What I am also trying to learn is how I can state my beliefs without being a jerk about it. I don’t have to contextualize my personal belief by insulting gay couples who have married or gay people wanting to get married. The beliefs that guide and direct my life also compel me to seek to be a blessing and friend to gay couples; to see God’s presence in their lives as individuals and as a couple.
I have also come to believe that trying to make our secular government impose my spiritual beliefs in this matter is not helpful or appropriate. Let me explain …
They were Fresno Grannies. I am sure they have probably been friends since grade school. They had that vibe. One was dressed in earth tones with salt and pepper hair pulled up into a loose bun. Her friend looked like Mrs. Claus (you know Santa’s wife) but in all blue and white. Her minimalist color scheme matched her eyes and hair respectively. She was very prim and put together. She also had her hair up in a tight bun. Earth-tone Grandma was talkative while Mrs. Claus had left the permafrost of the North pole and instead adopted a perma-grin.
Never stopped smiling … the same smile. She was so cute and while permagrins tend to be unnerving, her’s wasn’t.
We were at a conference put together by my former employer Exodus International and Focus on the Family called Love Won Out. It was a controversial conference that presented views concerning homosexuality and Christianity (many of those views have changed for me over the years). Regardless, I was there as an employee. I went to over 30 of these over the years, and all kinds of folks attended these events. To see a pair of older women walk through the doors was not uncommon. It was also not uncommon for people to ask me questions; my name tag let them know I worked with the conference.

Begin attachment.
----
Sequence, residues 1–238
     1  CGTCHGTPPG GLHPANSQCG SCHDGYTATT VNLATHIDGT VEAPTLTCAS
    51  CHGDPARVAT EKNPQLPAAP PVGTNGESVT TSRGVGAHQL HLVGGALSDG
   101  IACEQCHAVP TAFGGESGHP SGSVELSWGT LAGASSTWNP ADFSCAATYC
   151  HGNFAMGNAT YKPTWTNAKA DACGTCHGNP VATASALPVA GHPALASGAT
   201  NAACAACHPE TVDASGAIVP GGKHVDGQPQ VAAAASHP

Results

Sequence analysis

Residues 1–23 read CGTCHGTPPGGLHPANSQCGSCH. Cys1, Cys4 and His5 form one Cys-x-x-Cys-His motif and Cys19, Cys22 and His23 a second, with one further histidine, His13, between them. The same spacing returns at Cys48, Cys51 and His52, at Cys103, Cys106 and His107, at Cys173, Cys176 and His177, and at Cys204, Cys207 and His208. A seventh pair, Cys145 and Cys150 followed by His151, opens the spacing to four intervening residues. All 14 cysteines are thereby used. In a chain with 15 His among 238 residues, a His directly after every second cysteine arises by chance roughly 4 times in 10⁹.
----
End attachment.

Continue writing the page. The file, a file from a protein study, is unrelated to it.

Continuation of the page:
It was 1986. I was a senior in High School, and somehow I ended up with a group of guys at school sanding down an old short school bus. Two of them (brothers) had gotten the bus as a Spring Break present from their Dad. We gutted the thing, painted it black, and I painted, “Party Barge” on the sides. I also painted “Party Barge” on the little flip-out stop sign. It was no longer the iconic red and white flashing stop sign; it was now the solid black with gold Def Leppard-esque lettering “Party Barge” on it.
Surprisingly, my parents said I could go. However, like all the times before when I really wanted to do something, the night before they said I couldn’t go. They got mad because the boy’s father wanted them to sign a liability waiver for me to be in the Party Barge during spring break.
I don’t remember having a fit, but I do remember being incredibly angry. My parents relented at the last-minute (there is a lot to be written about that at a later date) and the next day the “Party Barge” crew headed to Pensacola.
Pensacola was boring. We thought MTV was there. They weren’t. However, we quickly traveled a million more miles to Daytona Beach where the MTV Spring Fest was actually happening.
It was wild.
I will never forget pulling up on the beach where there were practically naked young adults and crazy old people … EVERYWHERE! I was mesmerized.
My parents weren’t. I called them … eventually … to tell them we left Pensacola and were now in Daytona. To describe them as “not happy” is an understatement.